Moving your legacy application to an on-demand, Software-as-a-Service (SaaS) subscription model has never been easier, but it is still isn’t simple. In fact, with the proliferation of cloud alternatives the options have become even more confusing. And, if you make the wrong choices it could adversely affect your SaaS solution performance, hurt your company reputation and make it even more difficult to succeed in an increasingly competitive marketplace.
So, here are the top eight things you should consider when evaluating your cloud alternatives:
The first consideration is what level of Infrastructure-as-a-Service (IaaS) is necessary to support your SaaS app. For some applications, which don’t demand stringent security safeguards, basic public cloud services might suffice. For others that involve storing sensitive data, more secure private cloud services might be a better fit. Flexibility is an important consideration as most SaaS apps are not written with a cloud infrastructure architecture in mind. Therefore, SaaS vendors should be able to host their offerings on whichever type of IaaS option best fits their business needs. And, SaaS vendors needing extra help monitoring and managing their IaaS operations should consider managed cloud services.
Underlying the three primary cloud service alternatives is service delivery architecture which supports the IaaS. This architecture must be highly elastic, scalable and resilient to enable the service provider to support a widening array of SaaS apps in a cost-effective fashion, and to pass these economies along to the SaaS vendors. The IaaS architecture should leverage the latest innovations in virtualization, multi-tenancy, load-balancing, etc.; permit self-provisioning of the public cloud services; and enable rapid deployment of the private and managed cloud services.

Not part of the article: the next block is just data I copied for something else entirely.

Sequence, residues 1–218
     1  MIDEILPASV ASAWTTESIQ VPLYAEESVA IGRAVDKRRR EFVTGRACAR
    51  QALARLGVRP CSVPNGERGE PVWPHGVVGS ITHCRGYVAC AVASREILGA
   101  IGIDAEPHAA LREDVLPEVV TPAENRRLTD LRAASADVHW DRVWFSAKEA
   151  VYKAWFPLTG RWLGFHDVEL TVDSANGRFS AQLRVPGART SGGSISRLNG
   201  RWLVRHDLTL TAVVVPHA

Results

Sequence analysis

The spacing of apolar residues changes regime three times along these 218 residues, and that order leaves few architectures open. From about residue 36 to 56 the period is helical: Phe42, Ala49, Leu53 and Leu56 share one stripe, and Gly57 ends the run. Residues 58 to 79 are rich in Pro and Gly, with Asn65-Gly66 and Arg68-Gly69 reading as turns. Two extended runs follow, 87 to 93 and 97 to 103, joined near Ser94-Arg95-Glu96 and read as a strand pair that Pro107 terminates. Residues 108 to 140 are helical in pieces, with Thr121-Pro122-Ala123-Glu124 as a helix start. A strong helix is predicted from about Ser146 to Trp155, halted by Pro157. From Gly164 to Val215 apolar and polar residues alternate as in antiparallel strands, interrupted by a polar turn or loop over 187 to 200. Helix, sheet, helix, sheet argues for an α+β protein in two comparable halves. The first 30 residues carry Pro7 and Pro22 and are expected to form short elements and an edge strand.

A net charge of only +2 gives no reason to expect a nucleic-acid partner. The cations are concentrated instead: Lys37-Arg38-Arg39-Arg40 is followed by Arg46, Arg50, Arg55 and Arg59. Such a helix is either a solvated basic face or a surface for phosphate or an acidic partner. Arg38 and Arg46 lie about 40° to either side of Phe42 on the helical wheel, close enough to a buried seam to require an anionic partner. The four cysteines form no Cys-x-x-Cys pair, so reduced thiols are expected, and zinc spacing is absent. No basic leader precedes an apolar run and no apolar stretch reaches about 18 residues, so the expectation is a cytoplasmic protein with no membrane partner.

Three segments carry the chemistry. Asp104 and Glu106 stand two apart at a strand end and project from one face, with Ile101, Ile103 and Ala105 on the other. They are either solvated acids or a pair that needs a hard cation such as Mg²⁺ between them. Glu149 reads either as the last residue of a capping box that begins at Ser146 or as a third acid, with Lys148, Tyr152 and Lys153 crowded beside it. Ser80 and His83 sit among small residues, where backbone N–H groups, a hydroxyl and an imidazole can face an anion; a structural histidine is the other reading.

The cloud service provider should utilize a management platform to monitor its operations and optimize its performance, which gives the SaaS vendor equal visibility into the availability, security and cost of its service delivery systems. This management dashboard should report issues and provide real-time status reports to ensure the cloud service provider is meeting its SLA obligations and to demonstrate its service transparency. This same reporting system should also be extensible to enable the SaaS vendor to report its performance to its customers as well.
The biggest fear and objection to SaaS solutions is security among corporate decision-makers, both on the business and IT sides of the organization. Their security fears generally fall into three areas:
The cloud provider should have the latest security protection systems in place and an automated method to continuously update its anti-virus and other security software applications. It should also have state-of-the-industry encryption, single sign-on (SSO), authentication, monitoring, alarm/alert and reporting systems. These software security systems should be augmented with appropriate physical security measures which ensure that the cloud service provider’s facilities are also properly protected. The cloud provider must also have trained staff to administer these security systems, and formal policies in place to govern how they operate.